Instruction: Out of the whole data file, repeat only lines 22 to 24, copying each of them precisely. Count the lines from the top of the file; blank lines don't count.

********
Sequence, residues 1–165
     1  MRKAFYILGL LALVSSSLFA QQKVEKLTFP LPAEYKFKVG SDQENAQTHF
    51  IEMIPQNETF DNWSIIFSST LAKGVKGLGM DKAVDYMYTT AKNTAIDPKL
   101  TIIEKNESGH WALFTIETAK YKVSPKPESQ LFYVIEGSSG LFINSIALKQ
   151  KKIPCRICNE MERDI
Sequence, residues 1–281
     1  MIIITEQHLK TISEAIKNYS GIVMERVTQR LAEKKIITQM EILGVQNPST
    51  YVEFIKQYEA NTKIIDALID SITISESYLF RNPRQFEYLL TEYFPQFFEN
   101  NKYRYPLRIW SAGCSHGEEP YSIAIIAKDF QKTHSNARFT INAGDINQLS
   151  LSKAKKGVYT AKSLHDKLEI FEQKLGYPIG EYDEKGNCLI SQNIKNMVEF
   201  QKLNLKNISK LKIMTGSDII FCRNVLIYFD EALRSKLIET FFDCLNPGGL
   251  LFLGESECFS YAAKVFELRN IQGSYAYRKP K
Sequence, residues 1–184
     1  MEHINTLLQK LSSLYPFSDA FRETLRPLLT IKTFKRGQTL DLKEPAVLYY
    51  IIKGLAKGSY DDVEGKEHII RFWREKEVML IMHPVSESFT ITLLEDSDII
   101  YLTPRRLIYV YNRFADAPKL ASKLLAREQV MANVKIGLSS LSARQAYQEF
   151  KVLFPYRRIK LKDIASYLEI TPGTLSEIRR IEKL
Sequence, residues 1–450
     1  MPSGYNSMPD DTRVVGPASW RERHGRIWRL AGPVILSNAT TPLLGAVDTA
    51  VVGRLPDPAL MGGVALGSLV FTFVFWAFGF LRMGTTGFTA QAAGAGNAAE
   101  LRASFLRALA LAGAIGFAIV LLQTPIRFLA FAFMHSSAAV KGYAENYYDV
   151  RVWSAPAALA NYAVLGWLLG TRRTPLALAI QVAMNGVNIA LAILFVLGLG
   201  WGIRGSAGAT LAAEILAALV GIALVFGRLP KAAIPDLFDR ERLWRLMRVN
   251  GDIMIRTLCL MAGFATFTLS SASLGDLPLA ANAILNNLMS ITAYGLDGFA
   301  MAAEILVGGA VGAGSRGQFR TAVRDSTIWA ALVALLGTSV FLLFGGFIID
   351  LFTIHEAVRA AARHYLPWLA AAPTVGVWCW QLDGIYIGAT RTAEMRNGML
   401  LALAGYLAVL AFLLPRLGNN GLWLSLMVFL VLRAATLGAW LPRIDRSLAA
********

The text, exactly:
   151  RVWSAPAALA NYAVLGWLLG TRRTPLALAI QVAMNGVNIA LAILFVLGLG
   201  WGIRGSAGAT LAAEILAALV GIALVFGRLP KAAIPDLFDR ERLWRLMRVN
   251  GDIMIRTLCL MAGFATFTLS SASLGDLPLA ANAILNNLMS ITAYGLDGFA